Nine Facts You Need to Know About Ejaculation
Ejaculation is the process whereby semen is ejected from a penis and is generally accompanied by an orgasm. Ejaculation also occurs spontaneously during sleep (nocturnal emission or what is generally referred to as “wet dream”) and seldom occurs as a result of prostatic disease. Ejaculation is basically controlled by the central nervous system, and happens when friction on the genitalia and other forms of sexual stimulation provide impulses that are sent up the spinal cord and into the brain.
Ejaculation has two basic phases and these are the emission and ejaculation itself. During the emission phase, semen (sperm and seminal fluids from the seminal vesicles) is deposited into the posterior urethra as the vas deferens (the two ducts that store and transport sperm from the testes) contracts to squeeze the semen toward the base of the penis through the prostate gland. Equally at the same time, the internal sphincter of the urinary bladder is closed, thus preventing the retrograde passage of the semen into the bladder and also preventing urine from mixing with the semen. It is suggested that the sensation at the “point of ejaculatory inevitability” corresponds to the emission phase.
Emission is immediately followed by the second phase, the ejaculation proper. During this process, the semen is forcefully propelled along the urethra and out of the penis through the rhythmic contraction of the muscles of the urethra in conjunction with those of the pelvic floor muscles. As a precursor to ejaculatory orgasm, some few drops of a clear alkaline fluid may trickle out of the penis from the prostate and other glands to lubricate the urethra and pave way for the semen. This is often referred to as the “pre-ejaculate”.
Ejaculation and orgasm usually occur simultaneously in men even though ejaculation and orgasm are two separate phenomenona. The rhythmic contractions during the ejaculation process are part of the male orgasm. On an average, male orgasms can last from a few seconds up to a minute. After the start of orgasm, pulses of semen begin to flow from the urethra, reach a peak discharge and then diminish in flow. The typical orgasm consists of 10 to 15 contractions and once the first contraction occurs, ejaculation will continue involuntarily to completion.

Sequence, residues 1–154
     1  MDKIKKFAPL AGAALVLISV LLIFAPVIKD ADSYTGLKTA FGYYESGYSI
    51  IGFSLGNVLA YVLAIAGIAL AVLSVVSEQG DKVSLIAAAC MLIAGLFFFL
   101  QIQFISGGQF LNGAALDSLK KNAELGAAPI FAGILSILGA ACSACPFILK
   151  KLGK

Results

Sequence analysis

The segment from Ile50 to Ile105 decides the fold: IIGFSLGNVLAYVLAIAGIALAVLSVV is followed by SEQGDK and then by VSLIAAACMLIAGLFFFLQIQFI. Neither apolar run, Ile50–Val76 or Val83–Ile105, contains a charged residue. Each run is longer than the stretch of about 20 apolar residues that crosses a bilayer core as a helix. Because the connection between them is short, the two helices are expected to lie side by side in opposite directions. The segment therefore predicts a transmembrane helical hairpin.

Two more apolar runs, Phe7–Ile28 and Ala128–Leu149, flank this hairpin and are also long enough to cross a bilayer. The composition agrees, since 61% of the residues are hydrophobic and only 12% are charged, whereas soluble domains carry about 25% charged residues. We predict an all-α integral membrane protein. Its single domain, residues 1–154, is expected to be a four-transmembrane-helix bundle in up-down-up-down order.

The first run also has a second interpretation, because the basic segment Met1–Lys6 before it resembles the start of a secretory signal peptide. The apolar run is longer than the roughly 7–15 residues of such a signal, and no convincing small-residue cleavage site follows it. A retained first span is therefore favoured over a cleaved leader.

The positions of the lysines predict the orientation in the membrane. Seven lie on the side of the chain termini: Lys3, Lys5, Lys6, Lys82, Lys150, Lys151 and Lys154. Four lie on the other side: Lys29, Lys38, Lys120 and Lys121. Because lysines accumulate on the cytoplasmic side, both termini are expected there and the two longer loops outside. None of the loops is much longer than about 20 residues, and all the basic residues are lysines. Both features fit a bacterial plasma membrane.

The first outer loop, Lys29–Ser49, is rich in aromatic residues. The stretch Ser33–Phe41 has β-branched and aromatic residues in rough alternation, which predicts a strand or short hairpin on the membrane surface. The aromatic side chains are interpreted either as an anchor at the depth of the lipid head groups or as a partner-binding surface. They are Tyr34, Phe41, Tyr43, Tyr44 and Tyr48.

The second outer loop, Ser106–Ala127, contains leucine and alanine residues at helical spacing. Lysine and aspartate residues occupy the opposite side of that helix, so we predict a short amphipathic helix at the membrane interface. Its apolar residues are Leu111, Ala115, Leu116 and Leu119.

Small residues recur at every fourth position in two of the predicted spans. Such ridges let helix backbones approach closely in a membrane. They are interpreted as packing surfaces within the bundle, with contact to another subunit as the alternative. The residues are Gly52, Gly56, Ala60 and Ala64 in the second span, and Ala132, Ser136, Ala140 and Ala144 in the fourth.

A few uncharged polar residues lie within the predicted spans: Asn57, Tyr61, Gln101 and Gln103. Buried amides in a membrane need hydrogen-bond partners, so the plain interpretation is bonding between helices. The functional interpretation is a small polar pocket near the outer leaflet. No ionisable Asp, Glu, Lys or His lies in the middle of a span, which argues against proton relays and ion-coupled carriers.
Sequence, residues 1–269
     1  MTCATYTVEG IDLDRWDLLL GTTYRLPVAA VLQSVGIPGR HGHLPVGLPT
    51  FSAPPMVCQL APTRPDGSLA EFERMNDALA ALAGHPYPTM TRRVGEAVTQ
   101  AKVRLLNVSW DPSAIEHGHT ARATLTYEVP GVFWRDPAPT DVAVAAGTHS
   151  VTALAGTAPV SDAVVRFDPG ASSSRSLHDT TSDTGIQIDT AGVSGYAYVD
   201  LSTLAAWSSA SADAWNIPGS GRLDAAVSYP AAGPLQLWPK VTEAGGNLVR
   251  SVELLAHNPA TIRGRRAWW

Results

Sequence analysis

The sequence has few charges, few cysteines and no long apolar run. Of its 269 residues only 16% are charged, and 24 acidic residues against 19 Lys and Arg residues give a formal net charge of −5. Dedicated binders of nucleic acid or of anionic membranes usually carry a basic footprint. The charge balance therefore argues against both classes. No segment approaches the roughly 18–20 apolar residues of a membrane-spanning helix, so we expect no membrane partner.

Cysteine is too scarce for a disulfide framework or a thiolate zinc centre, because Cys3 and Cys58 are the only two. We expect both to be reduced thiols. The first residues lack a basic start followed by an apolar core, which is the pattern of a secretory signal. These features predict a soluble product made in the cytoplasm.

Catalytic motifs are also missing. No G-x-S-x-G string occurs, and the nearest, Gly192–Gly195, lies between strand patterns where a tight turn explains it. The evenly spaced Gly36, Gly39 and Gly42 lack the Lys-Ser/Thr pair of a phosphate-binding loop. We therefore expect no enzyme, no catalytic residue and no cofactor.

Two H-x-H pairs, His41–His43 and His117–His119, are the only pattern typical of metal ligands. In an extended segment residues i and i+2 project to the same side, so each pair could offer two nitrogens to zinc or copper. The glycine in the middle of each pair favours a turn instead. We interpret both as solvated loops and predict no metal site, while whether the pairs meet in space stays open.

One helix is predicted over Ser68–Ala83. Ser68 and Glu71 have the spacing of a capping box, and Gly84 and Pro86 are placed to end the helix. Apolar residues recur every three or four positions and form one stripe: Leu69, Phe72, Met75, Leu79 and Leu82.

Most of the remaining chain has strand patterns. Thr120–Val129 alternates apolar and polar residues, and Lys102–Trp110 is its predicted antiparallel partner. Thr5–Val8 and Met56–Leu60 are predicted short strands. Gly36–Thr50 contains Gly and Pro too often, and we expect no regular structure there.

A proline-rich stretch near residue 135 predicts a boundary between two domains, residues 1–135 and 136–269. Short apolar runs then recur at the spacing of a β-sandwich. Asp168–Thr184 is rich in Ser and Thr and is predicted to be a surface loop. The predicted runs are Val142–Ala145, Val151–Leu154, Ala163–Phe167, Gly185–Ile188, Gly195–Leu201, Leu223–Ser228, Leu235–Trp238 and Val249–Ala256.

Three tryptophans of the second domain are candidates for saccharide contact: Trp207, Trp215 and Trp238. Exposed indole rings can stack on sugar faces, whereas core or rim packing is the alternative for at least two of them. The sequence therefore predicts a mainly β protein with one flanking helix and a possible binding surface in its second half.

Ejaculation begins during the first or second contraction of orgasm. For most men the first spurt occurs during the second contraction. The first or second spurt is usually the largest and can contain 40 percent or more of the total ejaculates volume. After this peak, the flow of each subsequent pulse diminishes. When the flow ends, the muscle contractions of the orgasm continue with no additional semen discharge. Expulsion is mediated by the somatic nervous system. Orgasm is associated in timing with the expulsive phase.
With each ejaculation, men release approximately about 11/2 to 2 teaspoons of semen containing about 40 to 600 million sperm cells. This amount decreases or increases based on the time since the last ejaculation, the warmth of the testicles, the degree of sexual excitement, testosterone levels, age and the man’s general fertility level.
There is however little knowledge about the physiological mechanism and neurobiology underlying the sensation of orgasm. It is a complex response involving the whole body. During orgasm, there are changes in the genitalia, in the skeletal muscle tone (as evidenced by the usual spastic contractions of the feet), contractions of facial musculature, vocal reactions (moaning and sighing), semi-voluntary movements, general cardiovascular and respiratory changes, somatic sensory experiences, and an altered consciousness. These intense feelings of pleasure and desire that accompany orgasm are mediated by the brain.
Nevertheless, there are certain dysfunctions that often affect ejaculation and these include premature ejaculation, retarded ejaculation and retrograde ejaculation. The most common of these dysfunctions is premature ejaculation, which causes ejaculation to occur before or shortly after penetration. Retarded ejaculation is when ejaculation does not occur after orgasm while retrograde ejaculation is caused when the semen travels back into the bladder during orgasm.
In summary, these are nine quick facts about Ejaculation you need to be aware of:
- Average volume of semen per ejaculation: 2 to 6 ml (0.41 to 1.22 US teaspoons)
- Average number of times a man will ejaculate in his lifetime: 5,000
- Average total amount of lifetime ejaculate: 17 litres or 18 quarts
- Average number of calories in a teaspoon of semen: 7
- Average duration of orgasm: 17 seconds
- Average number of sperm cells in the ejaculate of a healthy man: 40 million to 600 million
- Distance sperm travels to fertilize an egg: 7.5-10 centimetres or 3-4 inches
- Sperm lifespan: 2.5 months from development to ejaculation
- Sperm lifespan after ejaculation: 30 seconds to 6 days depending on conditions